These musical works have been engraved, edited, printed and published at their expenses by publishers. Even if they are "Public Domain" in some countries, scanning them and putting them on-line at everybody's disposal is obviously immoral (therefore illicit).
Why not go fetch the manuscripts in libraries and deciffer them yourselves? That would be more honnest...
Ces œuvres ont été gravées, éditées, imprimées et publiées à leurs frais par des éditeurs. Il est évidemment immoral (donc illicite) de les scanner pour les mettre en ligne à la disposition de tous, même si elles sont "Public Domain" dans certains pays.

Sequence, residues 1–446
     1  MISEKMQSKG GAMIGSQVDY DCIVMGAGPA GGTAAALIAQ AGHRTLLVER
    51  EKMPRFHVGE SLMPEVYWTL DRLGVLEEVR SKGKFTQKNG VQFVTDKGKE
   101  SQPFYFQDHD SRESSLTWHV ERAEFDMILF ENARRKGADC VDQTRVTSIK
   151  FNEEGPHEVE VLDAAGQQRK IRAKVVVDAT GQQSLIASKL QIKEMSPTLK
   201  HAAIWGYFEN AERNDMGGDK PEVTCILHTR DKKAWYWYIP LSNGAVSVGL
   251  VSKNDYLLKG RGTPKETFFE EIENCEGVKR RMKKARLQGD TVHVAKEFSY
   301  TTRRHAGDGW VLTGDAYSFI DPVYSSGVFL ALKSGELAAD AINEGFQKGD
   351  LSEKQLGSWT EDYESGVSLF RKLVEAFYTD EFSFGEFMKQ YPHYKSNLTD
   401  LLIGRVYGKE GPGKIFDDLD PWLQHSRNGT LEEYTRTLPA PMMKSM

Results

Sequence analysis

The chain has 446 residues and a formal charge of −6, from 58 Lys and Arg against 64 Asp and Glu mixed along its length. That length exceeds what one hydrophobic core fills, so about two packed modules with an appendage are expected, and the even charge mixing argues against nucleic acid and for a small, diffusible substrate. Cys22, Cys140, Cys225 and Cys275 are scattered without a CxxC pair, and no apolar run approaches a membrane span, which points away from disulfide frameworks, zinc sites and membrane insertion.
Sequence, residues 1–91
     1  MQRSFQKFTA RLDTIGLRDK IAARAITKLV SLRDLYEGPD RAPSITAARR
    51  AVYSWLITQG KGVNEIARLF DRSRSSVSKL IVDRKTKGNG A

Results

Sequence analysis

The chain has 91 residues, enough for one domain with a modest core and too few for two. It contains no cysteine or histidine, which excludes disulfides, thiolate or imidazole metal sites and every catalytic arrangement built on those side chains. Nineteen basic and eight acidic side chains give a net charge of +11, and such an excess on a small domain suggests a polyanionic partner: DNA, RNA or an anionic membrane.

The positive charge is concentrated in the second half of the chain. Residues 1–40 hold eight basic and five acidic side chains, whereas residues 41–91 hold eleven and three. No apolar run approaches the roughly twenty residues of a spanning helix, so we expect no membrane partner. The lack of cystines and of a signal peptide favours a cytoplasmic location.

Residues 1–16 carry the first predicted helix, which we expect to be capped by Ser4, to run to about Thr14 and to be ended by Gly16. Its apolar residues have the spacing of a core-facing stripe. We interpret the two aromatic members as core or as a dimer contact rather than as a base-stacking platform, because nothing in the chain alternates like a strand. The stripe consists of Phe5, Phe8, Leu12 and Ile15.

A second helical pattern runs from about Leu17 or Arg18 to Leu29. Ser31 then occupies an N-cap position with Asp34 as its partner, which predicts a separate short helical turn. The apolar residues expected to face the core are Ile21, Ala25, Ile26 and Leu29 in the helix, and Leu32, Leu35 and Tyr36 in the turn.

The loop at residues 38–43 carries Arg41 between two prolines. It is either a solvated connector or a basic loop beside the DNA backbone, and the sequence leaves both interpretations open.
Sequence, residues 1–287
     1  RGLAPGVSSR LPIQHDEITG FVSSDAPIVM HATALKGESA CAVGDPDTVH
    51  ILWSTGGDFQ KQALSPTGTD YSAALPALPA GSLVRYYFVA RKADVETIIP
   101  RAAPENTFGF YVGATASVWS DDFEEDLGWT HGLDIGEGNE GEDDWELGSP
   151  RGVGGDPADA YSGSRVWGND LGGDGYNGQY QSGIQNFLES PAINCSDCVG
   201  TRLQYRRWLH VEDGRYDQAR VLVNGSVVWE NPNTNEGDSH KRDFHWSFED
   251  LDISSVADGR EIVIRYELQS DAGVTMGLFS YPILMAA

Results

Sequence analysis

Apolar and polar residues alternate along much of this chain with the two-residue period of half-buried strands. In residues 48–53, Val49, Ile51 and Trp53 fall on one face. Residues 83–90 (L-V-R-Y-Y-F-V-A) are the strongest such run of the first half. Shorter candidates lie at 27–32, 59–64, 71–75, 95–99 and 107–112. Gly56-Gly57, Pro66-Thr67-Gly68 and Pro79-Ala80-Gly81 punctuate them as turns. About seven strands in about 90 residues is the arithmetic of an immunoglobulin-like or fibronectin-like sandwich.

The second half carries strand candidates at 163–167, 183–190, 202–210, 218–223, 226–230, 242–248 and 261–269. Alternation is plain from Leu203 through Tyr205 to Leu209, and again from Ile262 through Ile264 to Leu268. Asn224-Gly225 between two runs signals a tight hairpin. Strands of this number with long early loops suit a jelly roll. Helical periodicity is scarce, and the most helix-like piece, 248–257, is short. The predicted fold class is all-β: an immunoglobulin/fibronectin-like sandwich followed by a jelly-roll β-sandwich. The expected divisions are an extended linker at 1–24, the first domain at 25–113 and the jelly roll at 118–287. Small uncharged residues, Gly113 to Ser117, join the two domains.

Pourquoi n'allez-vous pas chercher les manuscrits dans les bibliothèques puis les déchiffrer vous-mêmes ? Voilà qui serait plus honnête...
Lerique-Koechlin 17:39, 2 October 2010 (UTC)
Carolus, how can you claim that Lerique-Koechlin "believes in perpetual copyright"? I don't read that in his post.
You seem to think that Koechlin's scores are selling by millions. The reality is far from that. Most of them don't reach a dozen a year, a number of works have only been published in very recent years and about half of his works are yet to be published. He is not the composer of Ravel's Bolero!!!
As a publisher of Koechlin's work, I can assure you that royalties paid to Koechlin's descendants are so small that nobody could live on that alone! Not only do they have to work but some of them are far from living comfortably.
Your accusations appear unjust and ill-founded when compared to the real world of selling sheet music by less-well known composers. User 12:49, 3 October 2010 (UTC) PS: why is Lerique-Koechlin not repying himself?